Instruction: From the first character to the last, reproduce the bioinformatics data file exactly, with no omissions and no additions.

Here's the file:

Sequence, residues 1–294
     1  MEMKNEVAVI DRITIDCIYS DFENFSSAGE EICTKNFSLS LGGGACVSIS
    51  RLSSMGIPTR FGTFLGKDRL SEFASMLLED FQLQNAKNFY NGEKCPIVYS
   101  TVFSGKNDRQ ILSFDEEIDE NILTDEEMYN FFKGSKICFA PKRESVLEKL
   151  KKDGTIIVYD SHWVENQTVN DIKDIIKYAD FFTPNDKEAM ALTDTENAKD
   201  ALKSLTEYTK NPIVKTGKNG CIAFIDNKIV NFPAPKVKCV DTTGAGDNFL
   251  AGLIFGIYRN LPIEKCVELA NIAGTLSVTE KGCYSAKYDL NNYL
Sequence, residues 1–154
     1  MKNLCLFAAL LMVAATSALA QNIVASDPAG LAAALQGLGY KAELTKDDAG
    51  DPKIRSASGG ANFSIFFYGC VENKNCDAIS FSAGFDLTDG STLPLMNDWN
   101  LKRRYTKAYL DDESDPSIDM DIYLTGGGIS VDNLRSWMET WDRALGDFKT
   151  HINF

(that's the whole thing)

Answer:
Sequence, residues 1–294
     1  MEMKNEVAVI DRITIDCIYS DFENFSSAGE EICTKNFSLS LGGGACVSIS
    51  RLSSMGIPTR FGTFLGKDRL SEFASMLLED FQLQNAKNFY NGEKCPIVYS
   101  TVFSGKNDRQ ILSFDEEIDE NILTDEEMYN FFKGSKICFA PKRESVLEKL
   151  KKDGTIIVYD SHWVENQTVN DIKDIIKYAD FFTPNDKEAM ALTDTENAKD
   201  ALKSLTEYTK NPIVKTGKNG CIAFIDNKIV NFPAPKVKCV DTTGAGDNFL
   251  AGLIFGIYRN LPIEKCVELA NIAGTLSVTE KGCYSAKYDL NNYL
Sequence, residues 1–154
     1  MKNLCLFAAL LMVAATSALA QNIVASDPAG LAAALQGLGY KAELTKDDAG
    51  DPKIRSASGG ANFSIFFYGC VENKNCDAIS FSAGFDLTDG STLPLMNDWN
   101  LKRRYTKAYL DDESDPSIDM DIYLTGGGIS VDNLRSWMET WDRALGDFKT
   151  HINF